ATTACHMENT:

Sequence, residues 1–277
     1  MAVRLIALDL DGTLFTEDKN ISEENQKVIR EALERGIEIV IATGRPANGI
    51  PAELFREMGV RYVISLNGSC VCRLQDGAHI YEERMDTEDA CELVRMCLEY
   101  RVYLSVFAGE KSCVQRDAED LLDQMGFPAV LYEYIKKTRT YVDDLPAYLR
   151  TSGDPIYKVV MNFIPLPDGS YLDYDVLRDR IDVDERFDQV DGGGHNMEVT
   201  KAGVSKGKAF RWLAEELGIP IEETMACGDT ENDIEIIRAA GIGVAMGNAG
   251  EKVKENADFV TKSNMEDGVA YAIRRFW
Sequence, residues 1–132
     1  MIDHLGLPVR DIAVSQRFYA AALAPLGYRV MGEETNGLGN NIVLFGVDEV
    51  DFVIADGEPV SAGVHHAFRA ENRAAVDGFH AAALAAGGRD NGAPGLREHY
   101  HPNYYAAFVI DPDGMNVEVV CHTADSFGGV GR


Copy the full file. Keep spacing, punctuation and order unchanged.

Sequence, residues 1–277
     1  MAVRLIALDL DGTLFTEDKN ISEENQKVIR EALERGIEIV IATGRPANGI
    51  PAELFREMGV RYVISLNGSC VCRLQDGAHI YEERMDTEDA CELVRMCLEY
   101  RVYLSVFAGE KSCVQRDAED LLDQMGFPAV LYEYIKKTRT YVDDLPAYLR
   151  TSGDPIYKVV MNFIPLPDGS YLDYDVLRDR IDVDERFDQV DGGGHNMEVT
   201  KAGVSKGKAF RWLAEELGIP IEETMACGDT ENDIEIIRAA GIGVAMGNAG
   251  EKVKENADFV TKSNMEDGVA YAIRRFW
Sequence, residues 1–132
     1  MIDHLGLPVR DIAVSQRFYA AALAPLGYRV MGEETNGLGN NIVLFGVDEV
    51  DFVIADGEPV SAGVHHAFRA ENRAAVDGFH AAALAAGGRD NGAPGLREHY
   101  HPNYYAAFVI DPDGMNVEVV CHTADSFGGV GR